Having been subject to unprovoked attacked and viciously beaten, lying near death in his hospital bed, David asks Elijah the big one: “Why am I here now?”
Elijah answers that David has not been listening to God and God has taken measures to get his attention. The implication is that David has been sinning, but this has not been dramatized in the story. On the contrary, David’s behavior has been exemplary.
David has been described by the narrator as “good, decent, hard working... honorable...” and even possessing “considerable” courage (in order to ask Janet out). In fact, the narrator says David “was the nicest and kindest son that any parent could hope to have... He would give anyone the shirt off his back if he thought they needed it... He never stopped trying to be friendly to everyone... [He] loved everyone... even those who ridiculed and harmed him... He couldn’t be vindictive or vengeful.” There is some question as to whether this is the portrait of the “sinner” described in Elijah’s message.
This question results from a structural problem: the story attempts to deliver two different messages — divine guidance for sinners, and the reason for innocent suffering — by means of a single character.
In the first and third sections of the story, David’s “Christ-like” characterization (he “loved everyone... even those who... harmed him”) and subsequent beating serve to explore the theme of why innocents must suffer.
At the same time, the theme of divine guidance is addressed and Elijah tells David, “I am charged to guide you away from sinfulness.”
To convey both messages, or both aspects of the message, the story has a dual need: an “innocent” to suffer and a “sinner” to guide. When David is given both roles, his characterization becomes inconsistent: he is both “innocent” and sinner. This contradiction tends to weaken the coherence of the story and, at the same time, to dilute the impact of the message.
David addresses this very issue and asks Elijah, “Why am I a sinner?.. I honestly tried to be good.”
Elijah replies, “Don’t you remember how you complained about your pimpled face, your fat pudgy body and ... your overall bad looks? You were concerned about your physical appearance...”
Elijah seems to suggest that David’s sin was vanity and the reader seems asked to accept that David has been beaten to death because he was too concerned about his physical appearance.
There is no strong support in the story for Elijah’s claim. There have been hints, but no actual scene of David complaining about his looks. At the beginning, the narrator said David was “aware of his... blemishes — his pimpled face and his chubby physique. He was self-conscious about this.” But David is further described as “upbeat and confident;” he “felt ... comfortable” asking Janet out.
Elijah can state the message. He can declare that David has not been listening to God and been complaining about his appearance. However, the reader is more firmly persuaded of this if he has seen and heard David complaining, that is, if the tenet of the message has been dramatized in the story. If, in fact, David has demonstrated characteristics that are inconsistent with Elijah’s assertions, then the reader may be left in some doubt, which is the last thing an author with a message would wish for.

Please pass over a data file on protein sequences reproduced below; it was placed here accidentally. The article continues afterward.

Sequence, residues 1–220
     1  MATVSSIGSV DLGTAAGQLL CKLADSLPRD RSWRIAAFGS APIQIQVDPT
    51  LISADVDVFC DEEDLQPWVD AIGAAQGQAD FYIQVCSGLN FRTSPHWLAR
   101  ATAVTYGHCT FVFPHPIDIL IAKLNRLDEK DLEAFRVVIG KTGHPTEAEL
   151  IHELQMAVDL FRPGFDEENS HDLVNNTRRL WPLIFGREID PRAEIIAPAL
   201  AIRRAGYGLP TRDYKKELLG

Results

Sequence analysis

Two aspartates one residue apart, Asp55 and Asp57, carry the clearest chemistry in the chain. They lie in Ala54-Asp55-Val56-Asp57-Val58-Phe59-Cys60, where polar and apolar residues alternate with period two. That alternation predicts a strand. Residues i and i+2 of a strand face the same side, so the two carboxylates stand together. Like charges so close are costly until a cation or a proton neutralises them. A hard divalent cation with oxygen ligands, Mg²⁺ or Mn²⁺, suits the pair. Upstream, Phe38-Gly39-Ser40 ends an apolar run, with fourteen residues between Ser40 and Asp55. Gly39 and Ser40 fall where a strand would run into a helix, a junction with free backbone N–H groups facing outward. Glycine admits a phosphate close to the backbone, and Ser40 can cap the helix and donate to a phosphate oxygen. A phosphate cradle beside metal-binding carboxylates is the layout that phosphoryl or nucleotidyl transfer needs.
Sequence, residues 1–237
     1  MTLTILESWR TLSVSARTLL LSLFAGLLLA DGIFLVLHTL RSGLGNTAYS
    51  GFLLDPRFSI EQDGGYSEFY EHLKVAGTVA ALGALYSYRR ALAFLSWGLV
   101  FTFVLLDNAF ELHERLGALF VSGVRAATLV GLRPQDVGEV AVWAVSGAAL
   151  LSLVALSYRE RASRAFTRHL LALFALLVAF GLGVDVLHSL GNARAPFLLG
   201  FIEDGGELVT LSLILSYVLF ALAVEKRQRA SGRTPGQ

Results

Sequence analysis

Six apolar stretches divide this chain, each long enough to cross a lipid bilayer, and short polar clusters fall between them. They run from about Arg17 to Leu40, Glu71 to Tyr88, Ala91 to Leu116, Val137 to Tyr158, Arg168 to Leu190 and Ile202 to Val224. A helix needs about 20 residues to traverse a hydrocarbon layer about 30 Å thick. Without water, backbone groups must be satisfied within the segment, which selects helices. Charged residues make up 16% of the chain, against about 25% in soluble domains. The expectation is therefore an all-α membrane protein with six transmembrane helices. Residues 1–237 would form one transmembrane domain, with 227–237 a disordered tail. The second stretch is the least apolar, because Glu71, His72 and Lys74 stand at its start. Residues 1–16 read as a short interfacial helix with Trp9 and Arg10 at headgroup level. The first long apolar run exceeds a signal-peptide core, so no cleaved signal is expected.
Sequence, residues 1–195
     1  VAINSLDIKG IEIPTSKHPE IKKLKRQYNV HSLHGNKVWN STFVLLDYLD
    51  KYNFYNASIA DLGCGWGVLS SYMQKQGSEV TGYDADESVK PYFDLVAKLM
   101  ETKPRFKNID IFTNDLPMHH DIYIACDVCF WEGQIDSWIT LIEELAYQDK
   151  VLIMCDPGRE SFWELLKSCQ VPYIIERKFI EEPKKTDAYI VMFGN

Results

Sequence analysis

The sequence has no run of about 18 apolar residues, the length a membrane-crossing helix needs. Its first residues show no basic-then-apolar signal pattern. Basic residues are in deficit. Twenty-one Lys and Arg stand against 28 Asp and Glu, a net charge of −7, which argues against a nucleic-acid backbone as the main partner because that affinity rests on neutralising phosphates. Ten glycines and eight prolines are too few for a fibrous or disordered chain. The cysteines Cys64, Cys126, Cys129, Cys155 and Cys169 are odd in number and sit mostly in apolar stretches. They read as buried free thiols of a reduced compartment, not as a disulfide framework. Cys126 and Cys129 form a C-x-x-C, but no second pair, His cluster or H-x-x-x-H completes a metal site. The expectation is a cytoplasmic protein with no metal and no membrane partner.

Having finished parts 1 and 2 of this essay, the essayist proceeded to read another story which, by a strange concatenation of circumstances, turned out also to be a story with a Christian message.
The author of this new work (“The Quarry,” which readers of Bewildering Stories will have the opportunity to read in the near future) has, in effect, “followed the advice” offered in the present essay. In “The Quarry,” the message remains the priority but is thoroughly integrated into the story structure, into the story itself, and conveyed by means of character dialog and plot action.
And yet, more questions arise, but different questions — questions more like those raised by Steven Francis Murphy’s “Sharpshooter” and Heinlein’s Starship Troopers, where the message is politics rather than religion (see “Science Fictional Politics” and “Science Fictional Politics, Part II”).
In “The Quarry,” the message is delivered, not by authorial digression or fiat, but by a “real” character in the story, and not just a static stand-in for the author but a character who directly participates in the action.
Now, if you take Elijah’s dialog with David out of “David’s Angel,” (something to which the author of the story might strenuously object), you are left with a more ambiguous but still interesting and realistic story that explores the themes of innocent suffering and injustice.
The first part, especially, ending with David’s brutal beating, is quite dramatic and the reader is left, in the end, to ponder why a nice person like David would be assaulted for no apparent reason and why one kid would sadistically attack another — all grist for the reader’s mill.
In “The Quarry,” by comparison, there is no homily. The message is intrinsic to the action and incorporated directly into the story itself. Yet there is apparently more to it. There comes a moment in both stories — be it digression or true dialog and action — when the reader recognizes the formula, the prepared message, and realizes he is being manipulated. At that moment, the spell is broken. The content of the ideology (religion or politics) intrudes on the magic of the fiction. Now the reader’s experience of the work comes to depend on his agreement or disagreement with the message and not on his enjoyment of the story. And that’s the rub.
Copyright © 2007 by Bill Bowler